GNAT provides a subprogram called System.Machine_Code.Asm that can be used for assembly code insertion. You can specify a string to pass to the assembler as well as source-level variables to be used for input and output:

with System.Machine_Code; use System.Machine_Code;
with Interfaces;          use Interfaces;

function Get_Processor_Cycles return Unsigned_64 is
   Low, High : Unsigned_32;
   Counter   : Unsigned_64;
begin
   Asm ("rdtsc",
        Outputs =>
          (Unsigned_32'Asm_Output ("=a", High),
           Unsigned_32'Asm_Output ("=d", Low)),
        Volatile => True);

   Counter :=
     Unsigned_64 (High) * 2 ** 32 +
     Unsigned_64 (Low);

   return Counter;
end Get_Processor_Cycles;

The Unsigned_32'Asm_Output clauses above provide associations between machine registers and source-level variables to be updated. "=a" and "=d" refer to the eax and edx machine registers, respectively. The use of the Unsigned_32 and Unsigned_64 types from package Interfaces ensures correct representation of the data. We assemble the two 32-bit values to form a single 64 bit value.

We set the Volatile parameter to True to tell the compiler that invoking this instruction multiple times with the same inputs can result in different outputs. This eliminates the possibility that the compiler will optimize multiple invocations into a single call.

With optimization turned on, the GNAT compiler is smart enough to use the eax and edx registers to implement the High and Low variables, resulting in zero overhead for the assembly interface.

The machine code insertion interface provides many features beyond what was shown here. More information can be found in the GNAT User's Guide, and the GNAT Reference manual.

Interfacing with C

Much effort was spent making Ada easy to interface with other languages. The Interfaces package hierarchy and the pragmas Convention, Import, and Export allow you to make inter-language calls while observing proper data representation for each language.

Let's start with the following C code:

struct my_struct {
   int A, B;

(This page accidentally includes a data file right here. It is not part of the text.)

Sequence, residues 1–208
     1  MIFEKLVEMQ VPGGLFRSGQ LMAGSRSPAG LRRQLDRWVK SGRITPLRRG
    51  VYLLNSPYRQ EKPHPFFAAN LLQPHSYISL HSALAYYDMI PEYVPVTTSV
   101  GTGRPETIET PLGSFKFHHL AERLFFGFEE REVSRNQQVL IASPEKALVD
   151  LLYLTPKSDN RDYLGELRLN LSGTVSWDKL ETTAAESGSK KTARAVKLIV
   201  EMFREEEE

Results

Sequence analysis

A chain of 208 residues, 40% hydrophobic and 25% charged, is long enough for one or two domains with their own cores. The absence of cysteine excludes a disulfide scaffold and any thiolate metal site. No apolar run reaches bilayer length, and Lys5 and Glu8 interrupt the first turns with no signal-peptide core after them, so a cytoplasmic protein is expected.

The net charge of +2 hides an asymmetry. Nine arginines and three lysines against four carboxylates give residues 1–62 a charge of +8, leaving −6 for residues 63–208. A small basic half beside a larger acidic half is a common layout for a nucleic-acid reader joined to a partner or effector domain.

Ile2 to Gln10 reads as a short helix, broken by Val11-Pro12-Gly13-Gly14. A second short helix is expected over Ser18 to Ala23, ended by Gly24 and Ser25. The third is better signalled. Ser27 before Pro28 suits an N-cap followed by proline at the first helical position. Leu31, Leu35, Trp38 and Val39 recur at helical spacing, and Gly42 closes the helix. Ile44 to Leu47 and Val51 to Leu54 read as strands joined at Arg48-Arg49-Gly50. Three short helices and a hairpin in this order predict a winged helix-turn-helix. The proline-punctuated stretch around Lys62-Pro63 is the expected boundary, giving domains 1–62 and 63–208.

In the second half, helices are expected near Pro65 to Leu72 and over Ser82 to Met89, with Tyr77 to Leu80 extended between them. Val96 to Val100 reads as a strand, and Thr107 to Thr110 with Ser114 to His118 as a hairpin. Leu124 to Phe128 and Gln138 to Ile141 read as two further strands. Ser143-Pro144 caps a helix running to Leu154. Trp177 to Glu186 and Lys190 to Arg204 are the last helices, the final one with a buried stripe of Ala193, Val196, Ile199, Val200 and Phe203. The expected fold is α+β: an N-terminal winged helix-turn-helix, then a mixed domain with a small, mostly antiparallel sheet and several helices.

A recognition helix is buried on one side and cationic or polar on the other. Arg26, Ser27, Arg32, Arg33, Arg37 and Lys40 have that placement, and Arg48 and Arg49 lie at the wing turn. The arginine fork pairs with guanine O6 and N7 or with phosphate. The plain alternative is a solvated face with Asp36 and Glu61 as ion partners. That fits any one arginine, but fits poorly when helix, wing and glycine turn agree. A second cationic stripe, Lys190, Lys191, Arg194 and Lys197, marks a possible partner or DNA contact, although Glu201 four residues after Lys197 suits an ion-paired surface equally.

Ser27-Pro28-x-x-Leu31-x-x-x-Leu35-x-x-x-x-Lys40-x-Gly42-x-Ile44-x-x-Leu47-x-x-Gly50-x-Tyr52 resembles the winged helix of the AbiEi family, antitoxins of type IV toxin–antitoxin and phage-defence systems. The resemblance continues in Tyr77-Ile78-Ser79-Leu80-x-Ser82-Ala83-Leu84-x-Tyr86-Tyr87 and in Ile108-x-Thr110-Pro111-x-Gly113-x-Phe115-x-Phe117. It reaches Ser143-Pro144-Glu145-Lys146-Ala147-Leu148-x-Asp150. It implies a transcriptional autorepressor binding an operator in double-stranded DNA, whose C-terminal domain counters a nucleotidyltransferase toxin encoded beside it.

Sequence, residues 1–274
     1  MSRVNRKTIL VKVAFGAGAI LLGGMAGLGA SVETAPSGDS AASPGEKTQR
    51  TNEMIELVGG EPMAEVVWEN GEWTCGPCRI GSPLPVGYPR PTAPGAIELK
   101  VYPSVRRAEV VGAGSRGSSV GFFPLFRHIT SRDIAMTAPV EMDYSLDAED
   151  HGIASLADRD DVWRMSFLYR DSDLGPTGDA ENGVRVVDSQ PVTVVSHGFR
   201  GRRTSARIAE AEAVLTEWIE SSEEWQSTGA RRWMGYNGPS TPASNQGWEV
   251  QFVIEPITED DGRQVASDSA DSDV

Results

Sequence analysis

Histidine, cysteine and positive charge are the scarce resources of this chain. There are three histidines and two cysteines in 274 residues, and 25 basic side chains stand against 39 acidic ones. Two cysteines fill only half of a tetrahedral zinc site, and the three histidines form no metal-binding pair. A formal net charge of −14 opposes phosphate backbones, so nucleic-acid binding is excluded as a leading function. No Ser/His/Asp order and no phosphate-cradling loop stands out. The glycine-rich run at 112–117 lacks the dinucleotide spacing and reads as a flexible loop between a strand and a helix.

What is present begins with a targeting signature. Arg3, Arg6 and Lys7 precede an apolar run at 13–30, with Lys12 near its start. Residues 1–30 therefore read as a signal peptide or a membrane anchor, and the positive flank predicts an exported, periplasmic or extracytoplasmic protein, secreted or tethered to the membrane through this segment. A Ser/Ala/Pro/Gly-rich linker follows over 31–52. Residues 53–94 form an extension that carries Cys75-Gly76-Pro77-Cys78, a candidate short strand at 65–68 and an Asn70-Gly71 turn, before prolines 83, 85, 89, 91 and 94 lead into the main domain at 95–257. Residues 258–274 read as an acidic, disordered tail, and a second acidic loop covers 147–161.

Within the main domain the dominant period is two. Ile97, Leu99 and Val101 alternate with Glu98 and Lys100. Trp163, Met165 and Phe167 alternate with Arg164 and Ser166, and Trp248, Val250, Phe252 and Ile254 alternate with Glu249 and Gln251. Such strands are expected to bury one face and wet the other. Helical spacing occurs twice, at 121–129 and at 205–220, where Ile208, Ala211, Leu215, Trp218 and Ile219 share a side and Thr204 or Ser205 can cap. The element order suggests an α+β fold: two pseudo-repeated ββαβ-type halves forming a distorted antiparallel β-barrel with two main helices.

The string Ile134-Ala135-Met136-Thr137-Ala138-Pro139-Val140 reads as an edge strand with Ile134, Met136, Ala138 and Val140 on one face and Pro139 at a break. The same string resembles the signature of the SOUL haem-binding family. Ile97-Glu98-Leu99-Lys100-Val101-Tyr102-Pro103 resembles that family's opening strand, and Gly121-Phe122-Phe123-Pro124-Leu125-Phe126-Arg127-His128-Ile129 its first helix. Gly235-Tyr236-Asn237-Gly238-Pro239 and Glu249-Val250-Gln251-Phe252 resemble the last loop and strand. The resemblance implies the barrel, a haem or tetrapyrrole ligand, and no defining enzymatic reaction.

};

void call (my_struct * p) {
   printf ("%d", p->A);
}

To call that function from Ada, the Ada compiler requires a description of the data structure to pass as well as a description of the function itself. To capture how the C struct my_struct is represented, we can use the following record along with a pragma Convention. The pragma directs the compiler to lay out the data in memory the way a C compiler would.

type my_struct is record
   A : Interfaces.C.int;
   B : Interfaces.C.int;
end record;
pragma Convention (C, my_struct);

Describing a foreign subprogram call to Ada code is called "binding" and it is performed in two stages. First, an Ada subprogram specification equivalent to the C function is coded. A C function returning a value maps to an Ada function, and a void function maps to an Ada procedure. Then, rather than implementing the subprogram using Ada code, we use a pragma Import:

procedure Call (V : my_struct);
pragma Import (C, Call, "call"); -- Third argument optional

The Import pragma specifies that whenever Call is invokeed by Ada code, it should invoke the call function with the C calling convention.

And that's all that's necessary. Here's an example of a call to Call:

declare
   V : my_struct := (A => 1, B => 2);
begin
   Call (V);
end;

You can also make Ada subprograms available to C code, and examples of this can be found in the GNAT User's Guide. Interfacing with C++ and Java use implementation-dependent features that are also available with GNAT.